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Landmark spruced up with safety concerns in mind

New London - The three concrete planters in front of the downtown Trolley Visitors' Center are not very attractive, but they do serve a purpose.

Volunteers who hand out brochures and give directions worry that traffic barreling down Eugene O'Neill Drive could easily veer off the road and smash into the historic wooden building.

So when New London architect Rick Gipstein, who helped save the trolley station from demolition more than 20 years ago, decided the visitors' center needed some external improvements, he kept the volunteers' concerns in mind.

"Those barricaded planters bothered me every time I drove down here,'' Gipstein said Tuesday.

He proposed to the New London Rotary that his group take up an improvement project for the welcome center that would make it more, well, welcoming.

With more than $31,000 in donations from the Rotary, the Frank Loomis Palmer Fund, the Bodenwein Public Benevolent Foundation and other benefactors, the little trolley station that was almost torn down for scrap is getting new steps, granite retaining walls, a stone walkway and plantings. A bicycle rack will also be placed alongside the building, which sits in a corner of the municipal parking lot near Golden Street.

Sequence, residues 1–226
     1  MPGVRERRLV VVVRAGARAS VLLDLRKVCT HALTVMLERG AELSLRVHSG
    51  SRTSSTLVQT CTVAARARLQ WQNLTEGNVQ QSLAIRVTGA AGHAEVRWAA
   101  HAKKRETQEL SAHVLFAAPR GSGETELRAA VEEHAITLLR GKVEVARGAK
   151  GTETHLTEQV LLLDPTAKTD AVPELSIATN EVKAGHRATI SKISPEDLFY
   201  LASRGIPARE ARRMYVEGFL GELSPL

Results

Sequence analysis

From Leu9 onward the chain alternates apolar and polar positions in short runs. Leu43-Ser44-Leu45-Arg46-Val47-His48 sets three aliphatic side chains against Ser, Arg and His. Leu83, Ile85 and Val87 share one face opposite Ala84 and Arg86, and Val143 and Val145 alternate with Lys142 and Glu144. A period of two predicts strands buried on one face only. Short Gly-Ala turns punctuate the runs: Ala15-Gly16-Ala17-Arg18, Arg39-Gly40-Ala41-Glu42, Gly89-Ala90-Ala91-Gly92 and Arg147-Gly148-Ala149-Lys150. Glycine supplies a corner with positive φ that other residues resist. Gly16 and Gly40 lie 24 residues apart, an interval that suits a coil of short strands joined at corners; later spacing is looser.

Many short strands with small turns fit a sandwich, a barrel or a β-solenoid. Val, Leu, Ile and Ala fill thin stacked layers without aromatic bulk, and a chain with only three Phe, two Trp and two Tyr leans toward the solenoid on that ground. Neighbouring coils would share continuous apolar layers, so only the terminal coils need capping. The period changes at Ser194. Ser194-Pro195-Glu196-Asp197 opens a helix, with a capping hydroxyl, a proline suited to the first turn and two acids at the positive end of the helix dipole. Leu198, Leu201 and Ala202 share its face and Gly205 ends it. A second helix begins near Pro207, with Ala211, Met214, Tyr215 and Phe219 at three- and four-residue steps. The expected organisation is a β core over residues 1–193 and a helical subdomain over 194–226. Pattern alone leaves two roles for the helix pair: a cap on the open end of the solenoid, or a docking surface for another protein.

Workers from Malek Landscaping of Stonington have been installing granite barriers, a brick walkway and precast concrete pavers that look like cobblestones. Slabs of concrete that look like granite are being installed.

In 1985, New London Landmarks stepped in to save the city's last remaining trolley station, built around 1893 by the New London Street Railway Co. It was used until 1932, when the trolley system shut down.

New London Landmarks had the building restored and moved from the Cedar Grove Cemetery to the front of the Greyhound bus station, where it remained until it was moved again to its current location.

The center is open daily during the summer and on weekends in the spring and fall and is run entirely by volunteers.

k.edgecomb@theday.com

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